MESSENGER Teleconference: MESSENGER Reveals More About The Evolution, Tectonics Of Mercury
NASA's MErcury Surface, Space ENvironment, GEochemistry, and Ranging (MESSENGER) is the first mission sent to orbit the planet closest to the sun. It will use Mercury's gravity for a critical assist needed to keep the spacecraft on track for its orbit insertion around the planet three years from now. During its second flyby of Mercury on October 6, 2008, MESSENGER’s cameras captured more than 1,200 high-resolution and color images of the planet – unveiling another 30 percent of Mercury’s surface that had never before been seen by spacecraft and gathering essential data for planning the overall mission. In a series of 4 papers published in Science magazine on May 1, 2009, MESSENGER team members detail additional findings about the planet’s magnetosphere and exosphere, and its geological history. MESSENGER was launched on Aug. 3, 2004. After one last pass at Mercury on September 29, 2009, the will start a year-long orbital study of Mercury in March 2011.
Panelists: (this link will take you off the NASA's web site and on to the Johns Hopkins APL site. Click "Back" to return to the NASA Portal.)
- Marilyn M. Lindstrom, MESSENGER Program Scientist, NASA Headquarters, Washington
- William McClintock, MESSENGER Co-investigator, University of Colorado, Laboratory for Atmospheric and Space Physics, Boulder, Colo.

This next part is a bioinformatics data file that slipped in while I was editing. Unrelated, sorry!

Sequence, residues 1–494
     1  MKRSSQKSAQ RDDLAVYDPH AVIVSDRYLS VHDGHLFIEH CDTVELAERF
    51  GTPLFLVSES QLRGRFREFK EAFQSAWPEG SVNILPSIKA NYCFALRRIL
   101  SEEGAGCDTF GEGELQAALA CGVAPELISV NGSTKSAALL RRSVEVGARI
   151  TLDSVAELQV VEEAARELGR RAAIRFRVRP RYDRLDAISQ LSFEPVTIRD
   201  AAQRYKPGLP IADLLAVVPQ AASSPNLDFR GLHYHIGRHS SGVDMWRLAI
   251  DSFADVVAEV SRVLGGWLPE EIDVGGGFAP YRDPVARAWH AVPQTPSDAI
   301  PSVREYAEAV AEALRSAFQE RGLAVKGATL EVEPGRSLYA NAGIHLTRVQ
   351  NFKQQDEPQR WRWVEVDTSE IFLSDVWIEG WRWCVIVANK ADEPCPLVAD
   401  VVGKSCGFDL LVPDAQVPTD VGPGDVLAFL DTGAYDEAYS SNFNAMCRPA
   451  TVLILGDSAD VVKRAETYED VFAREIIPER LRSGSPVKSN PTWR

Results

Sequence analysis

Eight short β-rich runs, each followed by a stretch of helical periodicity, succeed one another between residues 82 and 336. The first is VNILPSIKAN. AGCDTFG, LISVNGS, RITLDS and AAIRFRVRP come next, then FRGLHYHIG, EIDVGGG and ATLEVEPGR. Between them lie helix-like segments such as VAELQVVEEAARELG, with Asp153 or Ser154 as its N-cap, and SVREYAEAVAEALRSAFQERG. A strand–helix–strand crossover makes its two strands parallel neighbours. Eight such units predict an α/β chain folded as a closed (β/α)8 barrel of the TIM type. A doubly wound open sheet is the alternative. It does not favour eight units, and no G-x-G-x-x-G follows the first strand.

- James Slavin, Chief, Laboratory for Solar and Space Physics, NASA/Goddard Space Flight Center, Greenbelt, Md.
- Thomas Watters, MESSENGER Participating Scientist, Smithsonian Institution, Washington, D.C.
- Brett Denevi, Postdoctoral Researcher, Arizona State University
Presenters Materials Press Release
The Johns Hopkins University Applied Physics Laboratory
Phone: (240) 228 - 6792
Phone: (202) 358 -1726
Carnegie Institution of Washington
Phone: (202) 939 -1120
The NASA MESSENGER Media teleconference will take place on Thursday, April 30, 2009, at 1 p.m. EST. To participate in the teleconference, reporters in the United States should call 1-888-398-6118 and use the pass code "Mercury." International reporters should call 1-210-234-0013. Audio of the teleconference will be streamed live at: http://www.nasa.gov/newsaudio
Marilyn M. Lindstrom, MESSENGER Program Scientist
NASA Headquarters, Washington